Encyclopedia Of Detroit

Hartford Memorial Baptist Church

The First Institutional Baptist Church of Detroit was established in 1917. It was the first African-American religious institution west of Woodward Avenue.

The founding pastor, Rev. Edgar Wendell Edwards left in 1920. He was replaced by Rev. Charles A. Hill. In the early 1920s, the name of the church was changed to Hartford Avenue Baptist Church, reflecting the present location of the congregation. Rev. Hill believed in community development and political participation. In the 1950s, the church heard Paul Robeson sing and W.E.B. Dubois lecture. The church was also opened to union organizers from the Ford Rouge Plant. After 48 years as pastor, Rev. Hill retired on his 75th birthday, April 28, 1968.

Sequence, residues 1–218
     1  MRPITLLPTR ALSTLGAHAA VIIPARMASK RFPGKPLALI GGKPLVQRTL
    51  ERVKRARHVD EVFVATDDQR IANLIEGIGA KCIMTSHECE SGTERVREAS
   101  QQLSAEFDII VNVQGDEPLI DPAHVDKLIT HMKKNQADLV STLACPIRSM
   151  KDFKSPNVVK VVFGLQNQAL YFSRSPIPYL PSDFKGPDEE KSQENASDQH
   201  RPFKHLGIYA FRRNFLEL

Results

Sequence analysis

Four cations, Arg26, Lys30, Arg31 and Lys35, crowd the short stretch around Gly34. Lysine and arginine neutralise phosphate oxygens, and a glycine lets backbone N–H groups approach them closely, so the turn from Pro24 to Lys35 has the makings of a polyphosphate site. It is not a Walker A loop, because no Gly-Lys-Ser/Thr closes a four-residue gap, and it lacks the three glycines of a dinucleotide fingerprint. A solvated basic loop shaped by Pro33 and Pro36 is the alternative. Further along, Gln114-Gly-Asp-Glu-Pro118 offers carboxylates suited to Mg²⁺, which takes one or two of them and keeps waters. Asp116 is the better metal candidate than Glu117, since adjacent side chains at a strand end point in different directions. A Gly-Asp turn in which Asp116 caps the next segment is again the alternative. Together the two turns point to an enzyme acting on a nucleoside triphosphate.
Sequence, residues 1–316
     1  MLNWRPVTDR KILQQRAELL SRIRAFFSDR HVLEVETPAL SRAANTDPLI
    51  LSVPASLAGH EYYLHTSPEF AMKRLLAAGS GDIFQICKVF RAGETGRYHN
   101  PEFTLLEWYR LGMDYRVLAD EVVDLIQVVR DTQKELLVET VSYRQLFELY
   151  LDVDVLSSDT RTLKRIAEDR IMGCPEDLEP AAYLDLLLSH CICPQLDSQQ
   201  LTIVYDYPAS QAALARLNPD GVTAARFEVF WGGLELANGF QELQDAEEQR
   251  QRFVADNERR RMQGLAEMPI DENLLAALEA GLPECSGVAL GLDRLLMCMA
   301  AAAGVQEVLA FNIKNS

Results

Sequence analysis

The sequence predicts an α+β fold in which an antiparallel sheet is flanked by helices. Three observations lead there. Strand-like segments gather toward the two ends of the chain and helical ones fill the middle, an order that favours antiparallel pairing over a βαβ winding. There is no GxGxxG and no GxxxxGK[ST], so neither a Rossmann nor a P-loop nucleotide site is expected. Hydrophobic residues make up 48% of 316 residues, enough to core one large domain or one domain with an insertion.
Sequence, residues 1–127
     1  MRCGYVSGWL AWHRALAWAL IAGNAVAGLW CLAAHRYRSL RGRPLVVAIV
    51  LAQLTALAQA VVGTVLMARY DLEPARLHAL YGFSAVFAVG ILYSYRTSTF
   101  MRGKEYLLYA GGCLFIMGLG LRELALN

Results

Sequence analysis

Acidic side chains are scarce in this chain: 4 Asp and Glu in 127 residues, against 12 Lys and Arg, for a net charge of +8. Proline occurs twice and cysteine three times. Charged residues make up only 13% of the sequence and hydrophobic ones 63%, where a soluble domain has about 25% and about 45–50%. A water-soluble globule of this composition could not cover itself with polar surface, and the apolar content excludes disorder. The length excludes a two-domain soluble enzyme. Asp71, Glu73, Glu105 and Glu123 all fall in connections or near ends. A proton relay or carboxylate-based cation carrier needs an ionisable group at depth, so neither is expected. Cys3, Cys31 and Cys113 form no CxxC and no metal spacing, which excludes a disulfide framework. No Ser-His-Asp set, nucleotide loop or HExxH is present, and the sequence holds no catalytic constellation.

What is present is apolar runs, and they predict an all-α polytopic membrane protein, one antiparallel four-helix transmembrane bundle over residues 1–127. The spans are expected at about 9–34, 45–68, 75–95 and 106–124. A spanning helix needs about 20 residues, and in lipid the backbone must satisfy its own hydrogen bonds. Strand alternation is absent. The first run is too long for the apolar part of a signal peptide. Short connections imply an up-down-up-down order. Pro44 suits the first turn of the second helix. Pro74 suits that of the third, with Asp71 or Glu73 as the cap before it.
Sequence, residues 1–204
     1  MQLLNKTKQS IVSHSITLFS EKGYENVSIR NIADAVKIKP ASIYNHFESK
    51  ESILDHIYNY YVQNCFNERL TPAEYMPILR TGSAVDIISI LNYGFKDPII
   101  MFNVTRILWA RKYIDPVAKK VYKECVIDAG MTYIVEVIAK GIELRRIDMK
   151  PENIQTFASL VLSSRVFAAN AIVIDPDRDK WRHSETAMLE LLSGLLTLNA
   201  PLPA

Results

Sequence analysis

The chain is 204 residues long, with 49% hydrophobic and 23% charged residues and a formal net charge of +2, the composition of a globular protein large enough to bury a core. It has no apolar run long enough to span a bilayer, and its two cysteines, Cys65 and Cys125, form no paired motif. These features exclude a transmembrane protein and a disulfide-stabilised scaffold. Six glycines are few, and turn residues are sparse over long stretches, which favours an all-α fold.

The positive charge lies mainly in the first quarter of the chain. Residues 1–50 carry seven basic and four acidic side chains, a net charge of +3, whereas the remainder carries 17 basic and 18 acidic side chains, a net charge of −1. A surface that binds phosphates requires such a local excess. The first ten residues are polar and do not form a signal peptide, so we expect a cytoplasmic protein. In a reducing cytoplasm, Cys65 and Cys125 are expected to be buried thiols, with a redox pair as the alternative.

Rev. Charles Adams was appointed pastor in 1969. Under him, the congregation soon doubled and decided to relocate to the former Covenant Baptist Church on James Couzens Freeway. The name of the church was changed to Hartford Memorial Baptist Church in 1981.

The church building, designed by Merritt and Cole of Detroit, was constructed in 1945 and enlarged in 1962. Its nave and chapel windows were designed by Bernard Graff and fabricated in the 1950s and 1960s by the Willlet Stained Glass Studios of Philadelphia, PA. The stained glass at Hartford includes eleven windows in the sanctuary and ten windows in the Rev. Charles A. Hill Chapel.



Hartford Memorial Baptist Church Exterior, 1950s – 2014.003.886

Hartford Memorial Baptist Church Exterior, c.1984 – 2015.016.018

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